Evil And Morality
Posted 22 May 2012 - 09:27 PM
For example, she asked me "can you actually have a person who is evil, or are just their actions evil? Or do the evil actions make the person evil? Or if evil comes FROM their actions, in any way, directly or indirectly, does that make the action or the person evil, either, or neither, or both?" My understanding is that since all men are created by God, and God is all good, while humanity was wounded by original sin we can never be totally inherently evil, though we perform evil actions (sin), since evil is the lack of good. But in order to have culpability for evil, we have to be aware what we are doing is wrong and fully consenting. So for the last part of her question, my friend gave the Ender's Game example of if a kid is playing video games featuring combat, and then someone uses that kid's actions to devise actual war strategy, is the kid and/or his actions evil?
We've also had a discussion on relative vs absolute morality, and I've had a hard time trying to figure out how to best explain. I'm not always sure how to answer hypotheticals, like the classic train one about switching tracks to kill one person vs five, or things like if someone straps a bomb to my chest and orders me to rob a bank am I responsible for the theft. What I'm looking for are some good Catholic resources on what constitutes moral versus immoral, good versus evil, in somewhat simplified terms, so beyond the Catechism or something uber-dense like Summa Theologica. Any suggestions for good, relatively easy to understand books for beginners?
Posted 22 May 2012 - 10:24 PM
Posted 22 May 2012 - 10:53 PM
http://www.vatican.va/archive/ENG0015/51.HTM (these are a list of instances when evil appears). This is a section that you might find relevant. It uses Thomistic language, so if you're uncertain about Thomas I can understand why you might be reluctant to use it. But I'll do my best to explain it, if I can:
I'll see what I can dig up on evil that might be more accessible than the Summa. Thomas Aquinas has a larger book on evil which is helpful, but it's even more dense than the Summa. However, his larger book really helps explain what evil is. I have a series of responses that I will break up to help explain what evil is and how it operates. Evil is a very complex subject, so I'll do what I can here. I want to make it as easy as possible to follow my different sets of answers.
Your instincts here are right on the money. Evil is always defined with reference to something else: good. I'll give a couple examples of what I mean and then apply these to evil. Think of hot and cold. Heat has a positive definition; that is, heat is some thing. Cold, however, is often defined as a lack of heat. If it's cold outside, what we really mean is that there's no heat out there. We commonly define light and dark in the same manner. Light has a positive definition, but dark is often the absence of light in a space. If you walk into a room and say, "It's dark in here," you really mean "There's no light in here." These are just common examples of instances when we define one thing as the absence of the other.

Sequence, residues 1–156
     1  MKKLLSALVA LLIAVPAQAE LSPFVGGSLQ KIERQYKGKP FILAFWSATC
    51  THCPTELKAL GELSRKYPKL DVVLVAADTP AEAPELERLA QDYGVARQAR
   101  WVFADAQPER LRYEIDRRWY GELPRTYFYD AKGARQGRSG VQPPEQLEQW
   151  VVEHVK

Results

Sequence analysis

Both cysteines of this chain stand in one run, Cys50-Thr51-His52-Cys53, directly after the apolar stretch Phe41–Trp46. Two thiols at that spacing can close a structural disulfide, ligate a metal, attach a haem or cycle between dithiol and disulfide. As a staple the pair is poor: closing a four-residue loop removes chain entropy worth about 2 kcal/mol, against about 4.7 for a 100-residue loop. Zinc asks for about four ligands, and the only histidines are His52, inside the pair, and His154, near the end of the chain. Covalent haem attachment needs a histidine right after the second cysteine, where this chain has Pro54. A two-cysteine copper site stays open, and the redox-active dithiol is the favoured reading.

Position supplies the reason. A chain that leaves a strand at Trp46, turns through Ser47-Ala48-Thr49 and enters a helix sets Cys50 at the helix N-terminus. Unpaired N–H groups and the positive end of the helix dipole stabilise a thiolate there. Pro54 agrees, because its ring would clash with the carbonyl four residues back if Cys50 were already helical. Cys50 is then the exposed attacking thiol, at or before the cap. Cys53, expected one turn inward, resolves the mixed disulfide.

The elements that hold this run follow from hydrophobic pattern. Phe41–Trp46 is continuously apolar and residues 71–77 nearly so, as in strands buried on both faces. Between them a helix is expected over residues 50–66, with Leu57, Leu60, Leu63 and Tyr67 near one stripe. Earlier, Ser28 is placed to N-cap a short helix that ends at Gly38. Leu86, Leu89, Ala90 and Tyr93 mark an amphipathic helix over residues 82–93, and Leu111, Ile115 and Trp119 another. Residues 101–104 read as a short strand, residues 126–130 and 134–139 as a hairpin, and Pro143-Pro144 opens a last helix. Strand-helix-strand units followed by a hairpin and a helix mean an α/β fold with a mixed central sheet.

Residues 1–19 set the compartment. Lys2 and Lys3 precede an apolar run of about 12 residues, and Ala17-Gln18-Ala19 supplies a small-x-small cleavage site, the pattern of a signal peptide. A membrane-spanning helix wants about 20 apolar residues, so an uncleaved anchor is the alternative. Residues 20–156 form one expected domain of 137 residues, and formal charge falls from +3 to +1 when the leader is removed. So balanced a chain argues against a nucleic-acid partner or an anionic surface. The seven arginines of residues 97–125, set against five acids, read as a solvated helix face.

We do the same thing with good and evil. Very simply, we define evil as the absence of good. Think of a limp or a toothache. If you limp, you are not walking well: the evil here is the lack of being able to walk well. With a toothache, you're missing a good tooth. I would know, I've had quite a few of these... In each case, there is a good that we expect to have but we don't. These are different ways of trying to explain what evil is. Evil is always the absence of some good.
Before I go any further, I should note that there are different types of evil. I just mentioned natural evils. You can also have an evil as punishment. I don't want to say too much here because evil of punishment is really hard to explain simply, but some evils can be a natural punishment for doing something wrong. I watched the series finale of House yesterday and the introduction piece that came along with it. In the introduction (a reflection on the show as a whole), Hugh Laurie shoots himself in the foot. It hurts! The pain there is both a sort of punishment and a natural evil. It's natural punishment because he did something really stupid and felt the results of it. It's a natural evil because his foot lacks the healthiness we expect it to have. Don't shoot yourself in the foot.
These are the first two types of evil and it's necessary to understand them so that I can respond to your question about whether or not people are inherently evil.